Q 1 . All the following biochemical markers are a measure
of bone resorption except
A. serum alkaline phosphatase
B. serum cross-linked N-telopeptide
C. serum cross-linked C-telopeptide
D. urine hydroxyproline
E. urine total free deoxypyridinoline
Q 2 . A 54-year-old woman is referred to endocrinology
for evaluation of osteoporosis after a recent evaluation of
back pain revealed a compression fracture of the T4 vertebral
body. She is perimenopausal with irregular menstrual
periods and frequent hot flashes. She does not
smoke. She otherwise is well and healthy. Her weight is 70
kg, and height is 168 cm. A bone mineral density scan
shows a T-score of –3.5 SD and a Z-score of –2.5 SD. All
of the following tests are indicated for the evaluation of
osteoporosis in this patient except
A. 24-h urine calcium
B. follicle-stimulating hormone and luteinizing hormone
C. serum calcium
D. renal function panel
E. vitamin D levels (25-hydroxyvitamin D)
Q 3 A 67-year-old woman presents to clinic after a fall
on the ice a week ago. She visited the local emergency
room immediately after the fall, where hip radiographs
were performed and were negative for fracture or dislocation.
They did reveal fusion of the sacroiliac joints and
coarse trabeculations in the ilium, consistent with Paget
disease. A comprehensive metabolic panel was also sent
at that visit and is remarkable for an alkaline phosphatase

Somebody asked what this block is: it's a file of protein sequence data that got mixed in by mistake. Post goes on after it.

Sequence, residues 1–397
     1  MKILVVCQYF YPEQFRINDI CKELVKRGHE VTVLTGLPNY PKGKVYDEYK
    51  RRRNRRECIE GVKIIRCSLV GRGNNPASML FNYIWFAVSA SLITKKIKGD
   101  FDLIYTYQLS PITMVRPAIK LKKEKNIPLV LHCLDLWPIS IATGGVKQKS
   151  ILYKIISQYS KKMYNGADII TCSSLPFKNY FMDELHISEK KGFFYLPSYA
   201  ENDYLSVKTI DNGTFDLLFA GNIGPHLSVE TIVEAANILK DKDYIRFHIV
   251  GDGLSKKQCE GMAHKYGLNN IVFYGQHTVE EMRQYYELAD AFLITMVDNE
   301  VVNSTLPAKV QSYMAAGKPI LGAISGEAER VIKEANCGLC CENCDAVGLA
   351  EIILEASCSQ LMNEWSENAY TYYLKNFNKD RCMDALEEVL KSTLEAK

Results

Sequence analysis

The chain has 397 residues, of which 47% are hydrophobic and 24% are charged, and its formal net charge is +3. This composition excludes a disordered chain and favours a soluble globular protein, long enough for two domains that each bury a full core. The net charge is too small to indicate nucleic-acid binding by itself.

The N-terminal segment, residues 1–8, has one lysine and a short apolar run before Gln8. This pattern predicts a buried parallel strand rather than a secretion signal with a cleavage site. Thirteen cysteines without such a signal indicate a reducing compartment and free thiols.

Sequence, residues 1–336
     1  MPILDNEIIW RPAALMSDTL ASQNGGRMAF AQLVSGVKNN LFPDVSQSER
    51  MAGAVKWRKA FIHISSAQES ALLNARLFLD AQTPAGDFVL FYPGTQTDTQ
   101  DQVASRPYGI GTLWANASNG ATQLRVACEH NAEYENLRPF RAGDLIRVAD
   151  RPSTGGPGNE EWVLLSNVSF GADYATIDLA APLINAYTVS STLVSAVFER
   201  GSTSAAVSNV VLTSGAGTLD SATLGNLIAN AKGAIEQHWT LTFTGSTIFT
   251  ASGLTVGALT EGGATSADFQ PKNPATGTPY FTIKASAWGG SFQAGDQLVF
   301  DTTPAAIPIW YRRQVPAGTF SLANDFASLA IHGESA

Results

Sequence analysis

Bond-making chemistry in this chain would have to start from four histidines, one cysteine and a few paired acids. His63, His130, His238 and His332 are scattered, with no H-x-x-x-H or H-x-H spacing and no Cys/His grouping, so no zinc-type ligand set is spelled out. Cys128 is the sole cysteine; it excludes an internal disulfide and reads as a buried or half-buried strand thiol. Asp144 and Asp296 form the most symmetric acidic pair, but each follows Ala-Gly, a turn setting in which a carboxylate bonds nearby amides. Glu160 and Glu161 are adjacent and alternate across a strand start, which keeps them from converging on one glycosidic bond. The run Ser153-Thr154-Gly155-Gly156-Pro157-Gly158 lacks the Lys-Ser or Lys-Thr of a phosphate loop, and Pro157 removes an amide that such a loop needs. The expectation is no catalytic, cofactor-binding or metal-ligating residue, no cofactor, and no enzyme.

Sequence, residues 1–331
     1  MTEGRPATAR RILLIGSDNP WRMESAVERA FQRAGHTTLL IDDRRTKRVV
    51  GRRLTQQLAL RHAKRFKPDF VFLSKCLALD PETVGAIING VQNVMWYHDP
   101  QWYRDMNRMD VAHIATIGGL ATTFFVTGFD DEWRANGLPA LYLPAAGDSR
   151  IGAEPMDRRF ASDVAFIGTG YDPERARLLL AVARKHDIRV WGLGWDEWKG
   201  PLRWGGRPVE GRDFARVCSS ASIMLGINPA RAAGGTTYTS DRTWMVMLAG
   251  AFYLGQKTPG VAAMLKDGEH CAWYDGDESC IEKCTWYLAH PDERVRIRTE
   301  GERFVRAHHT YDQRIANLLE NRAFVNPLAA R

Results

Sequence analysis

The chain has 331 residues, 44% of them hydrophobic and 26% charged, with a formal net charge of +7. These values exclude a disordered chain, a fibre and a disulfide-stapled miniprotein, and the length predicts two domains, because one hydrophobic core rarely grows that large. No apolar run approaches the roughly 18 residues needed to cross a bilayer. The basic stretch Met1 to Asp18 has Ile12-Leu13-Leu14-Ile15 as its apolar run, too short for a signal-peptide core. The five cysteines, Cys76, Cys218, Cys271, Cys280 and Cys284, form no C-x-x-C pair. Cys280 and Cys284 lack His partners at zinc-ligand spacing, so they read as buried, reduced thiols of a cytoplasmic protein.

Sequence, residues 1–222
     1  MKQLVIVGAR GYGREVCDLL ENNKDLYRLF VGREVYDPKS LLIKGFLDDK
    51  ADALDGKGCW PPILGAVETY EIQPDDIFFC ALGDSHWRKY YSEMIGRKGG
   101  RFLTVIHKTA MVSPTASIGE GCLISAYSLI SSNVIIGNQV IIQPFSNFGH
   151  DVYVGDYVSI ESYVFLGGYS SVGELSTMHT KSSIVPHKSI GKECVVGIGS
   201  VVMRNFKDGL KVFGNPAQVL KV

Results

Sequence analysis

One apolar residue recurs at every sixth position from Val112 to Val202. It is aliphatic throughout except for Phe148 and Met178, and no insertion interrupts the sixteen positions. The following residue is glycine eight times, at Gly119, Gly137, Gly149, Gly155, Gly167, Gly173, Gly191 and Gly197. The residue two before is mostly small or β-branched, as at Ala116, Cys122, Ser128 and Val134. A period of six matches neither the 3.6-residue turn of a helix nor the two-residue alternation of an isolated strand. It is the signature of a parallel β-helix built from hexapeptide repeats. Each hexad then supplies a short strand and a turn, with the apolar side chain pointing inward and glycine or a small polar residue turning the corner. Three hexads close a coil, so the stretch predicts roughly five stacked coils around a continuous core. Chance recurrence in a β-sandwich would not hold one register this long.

of 157 U/L, with normal serum calcium and phosphate
levels. She was discharged with analgesics and told
to follow up with her primary care doctor for further
management of her radiographic findings. She is recovering
from her fall and denies any long-standing pain or
immobility of her hip joints. She states that her father
suffered from a bone disease that caused him headaches
and hearing loss near the end of his life. She is very concerned
about the radiographs and wants to know what
they mean. Which of the following is the best treatment
strategy at this point?
A. Initiate physical therapy and non-weight bearing exercises
to strengthen the hip.
B. No treatment; she is asymptomatic. Follow radiographs
and laboratory findings every 6 months.
C. Prescribe vitamin D and calcium.
D. Start an oral bisphosphonate.
E. Start high-dose prednisone with rapid taper over 1
Q 4 . A 26-year-old woman presents with 2 weeks of nausea,
vomiting, and jaundice. She has been previously
healthy and has no past medical history. On examination,
a palpable liver edge is appreciated. Ocular findings are
presented in Figure X-14 (Color Atlas). Her transaminases
and total bilirubin are elevated. Which of the following
tests will lead to a definitive diagnosis in this patient?
A. Anti-smooth-muscle antibody
B. Hepatitis B surface antigen
C. Liver biopsy with quantitative copper assay
D. Serum ceruloplasmin
E. Total iron-binding capacity and ferritin
Q 5 . A 29-year-old woman presents to your clinic complaining
of difficulty swallowing, sore throat, and tender
swelling in her neck. She has also noted fevers intermittently
over the past week. Several weeks prior to her current
symptoms she experienced symptoms of an upper
respiratory tract infection. She has no past medical history.
On physical examination, she is noted to have a
small goiter that is painful to the touch. Her oropharynx
is clear. Laboratory studies are sent, and reveal a white
blood cell count of 14,100 cells/ μL with a normal differential,
erythrocyte sedimentation rate (ESR) of 53 mm/h,
and a thyroid-stimulating hormone (TSH) of 21 μΙU/mL.
Thyroid antibodies are negative. What is the most likely
A. Autoimmune hypothyroidism
B. Cat-scratch fever
C. Graves’ disease
D. Ludwig’s angina
E. Subacute thyroiditis
Q 6 . What is the most appropriate treatment for the patient
A. Iodine ablation of the thyroid
B. Large doses of aspirin
C. Local radiation therapy
D. No treatment necessary
Q 7 . The Diabetes Control and Complications Trial (DCCT)